Silver City

Following the discovery of the Sunbeam claim in 1869 (the first discovery in the Tintic district), the camps of Silver City and Diamond formed. Due to Silver City's central location between Diamond and Mammoth (which was settled in 1870), the town quickly established itself as the center of the district and was home to the telegraph, express, and recorder's offices. In 1883, the Salt Lake & Western Railway reached Silver City, joined by the Tintic Range Railway (Rio Grande Western) in 1892.

By 1896, most activity in Silver City had subsided, however a new strike that July brought renewed interest. Silver City was quickly expanded, with hotels and saloons springing up. This prosperity lasted into the 20th century. In 1900, over 900 people lived in town and in 1903, eighteen businesses were in operation. Unfortunately, water was encountered in many of the mines and several closed. Silver City was largely idle until 1908, when Jesse Knight completed the Tintic Smelter, serviced by its own narrow gauge line and capable of treating 500 tons of lead and copper ore. That number doubled in 1909, however in October the smelter was shuttered due to lower smelter rates near Salt Lake City, making it cheaper to ship the ore for reduction.

Despite the Tintic Smelter's short life, it brought a new boom to Silver City, which by 1910 had a population of about 550. Knight, not dissuaded by the smelter's failure, announced construction of a new mill to treat low grade ore from the surrounding mines, which was completed the following year. It performed well, but was lost to fire on April 6, 1915. By July, work was underway for a replacement, this time in a partnership with George Dern's Mines Operating Company of Park City. This new mill was built at the site of the Tintic Smelter, and was completed in 1916. By early 1918, two bullion cars were shipping each month. In addition, Knight made plans for an extensive drainage tunnel, intended to drain the Tintic's mines near Silver City (work ultimately stopped in 1924 due to financial difficulties).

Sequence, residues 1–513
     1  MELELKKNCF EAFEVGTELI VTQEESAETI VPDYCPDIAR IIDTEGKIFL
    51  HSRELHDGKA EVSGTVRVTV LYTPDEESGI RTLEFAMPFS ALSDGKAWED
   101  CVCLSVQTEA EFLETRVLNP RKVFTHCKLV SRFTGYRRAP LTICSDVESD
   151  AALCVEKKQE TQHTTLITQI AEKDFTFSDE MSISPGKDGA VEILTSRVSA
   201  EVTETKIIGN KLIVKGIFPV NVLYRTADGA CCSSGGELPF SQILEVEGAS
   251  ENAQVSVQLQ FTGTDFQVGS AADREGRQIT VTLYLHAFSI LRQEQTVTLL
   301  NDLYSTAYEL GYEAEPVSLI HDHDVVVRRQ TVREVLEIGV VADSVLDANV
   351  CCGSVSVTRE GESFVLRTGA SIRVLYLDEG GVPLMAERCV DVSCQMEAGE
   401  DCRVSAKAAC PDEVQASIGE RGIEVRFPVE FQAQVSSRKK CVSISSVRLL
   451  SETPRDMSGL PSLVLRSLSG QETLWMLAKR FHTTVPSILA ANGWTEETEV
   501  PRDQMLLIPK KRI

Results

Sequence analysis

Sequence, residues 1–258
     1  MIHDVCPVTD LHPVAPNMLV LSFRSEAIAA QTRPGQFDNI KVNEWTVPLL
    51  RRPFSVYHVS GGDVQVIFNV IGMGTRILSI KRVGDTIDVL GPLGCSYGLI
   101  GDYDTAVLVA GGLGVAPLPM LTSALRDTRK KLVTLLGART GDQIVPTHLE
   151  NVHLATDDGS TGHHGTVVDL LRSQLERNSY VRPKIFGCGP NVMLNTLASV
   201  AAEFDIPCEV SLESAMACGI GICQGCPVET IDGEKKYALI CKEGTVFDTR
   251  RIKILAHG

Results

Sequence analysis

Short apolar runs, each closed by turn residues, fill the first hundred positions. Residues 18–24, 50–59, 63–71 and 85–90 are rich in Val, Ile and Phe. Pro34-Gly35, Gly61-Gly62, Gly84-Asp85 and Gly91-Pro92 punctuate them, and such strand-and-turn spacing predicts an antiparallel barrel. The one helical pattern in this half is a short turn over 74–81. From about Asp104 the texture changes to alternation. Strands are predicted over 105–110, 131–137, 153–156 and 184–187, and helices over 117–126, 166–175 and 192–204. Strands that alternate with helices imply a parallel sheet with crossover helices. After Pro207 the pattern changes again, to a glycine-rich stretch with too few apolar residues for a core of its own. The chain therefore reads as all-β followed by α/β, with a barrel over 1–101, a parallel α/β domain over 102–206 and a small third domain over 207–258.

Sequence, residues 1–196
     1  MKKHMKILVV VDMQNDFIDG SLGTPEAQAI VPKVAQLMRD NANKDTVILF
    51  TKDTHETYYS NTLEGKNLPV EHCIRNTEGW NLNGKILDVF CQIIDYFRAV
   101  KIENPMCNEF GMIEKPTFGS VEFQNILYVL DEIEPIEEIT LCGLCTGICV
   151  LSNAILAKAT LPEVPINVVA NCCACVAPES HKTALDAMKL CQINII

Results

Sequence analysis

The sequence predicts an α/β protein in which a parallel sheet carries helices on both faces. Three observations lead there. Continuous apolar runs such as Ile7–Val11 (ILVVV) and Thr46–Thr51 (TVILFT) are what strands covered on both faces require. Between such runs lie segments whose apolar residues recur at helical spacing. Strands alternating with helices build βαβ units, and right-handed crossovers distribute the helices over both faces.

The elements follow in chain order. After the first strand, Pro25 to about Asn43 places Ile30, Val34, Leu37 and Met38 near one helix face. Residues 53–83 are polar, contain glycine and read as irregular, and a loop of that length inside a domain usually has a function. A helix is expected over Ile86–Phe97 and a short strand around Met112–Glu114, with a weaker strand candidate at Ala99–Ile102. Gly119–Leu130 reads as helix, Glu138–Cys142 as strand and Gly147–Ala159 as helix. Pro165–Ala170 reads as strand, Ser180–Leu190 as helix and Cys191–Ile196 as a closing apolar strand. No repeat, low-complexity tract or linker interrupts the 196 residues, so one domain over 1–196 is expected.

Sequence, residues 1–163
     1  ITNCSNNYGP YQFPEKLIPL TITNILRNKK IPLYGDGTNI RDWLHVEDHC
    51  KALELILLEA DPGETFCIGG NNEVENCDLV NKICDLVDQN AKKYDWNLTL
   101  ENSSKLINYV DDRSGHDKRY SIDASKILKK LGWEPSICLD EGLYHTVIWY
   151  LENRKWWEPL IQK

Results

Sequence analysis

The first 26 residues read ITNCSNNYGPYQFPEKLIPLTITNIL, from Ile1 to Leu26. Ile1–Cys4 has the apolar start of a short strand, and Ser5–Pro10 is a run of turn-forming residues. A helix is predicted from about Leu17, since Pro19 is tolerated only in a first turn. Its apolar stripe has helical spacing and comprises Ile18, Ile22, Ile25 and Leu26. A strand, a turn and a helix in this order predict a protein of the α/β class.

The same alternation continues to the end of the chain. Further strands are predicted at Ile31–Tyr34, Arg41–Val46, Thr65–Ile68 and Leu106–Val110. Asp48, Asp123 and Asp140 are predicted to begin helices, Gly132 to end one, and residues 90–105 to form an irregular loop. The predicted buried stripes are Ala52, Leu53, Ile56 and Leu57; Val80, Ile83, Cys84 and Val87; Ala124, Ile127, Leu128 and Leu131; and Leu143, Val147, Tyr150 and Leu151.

By 1920, Silver City again grew to nearly 700 and fourteen businesses. By the end of that decade, however, Silver City's boom days had passed and the population dwindled to less than 300 by 1930. The old Salt Lake & Western line was abandoned in 1927, with the Denver & Rio Grande Western following suit around 1945. Silver City declined and soon joined the ranks of Utah ghost towns. Today, little remains of the actual townsite, but substantial concrete ruins remain at the site of the Tintic Smelter & Knight-Dern Mill and an extensive cemetery is located just down the hill.

I Visited the Silver City
8.8.2020

Bibliography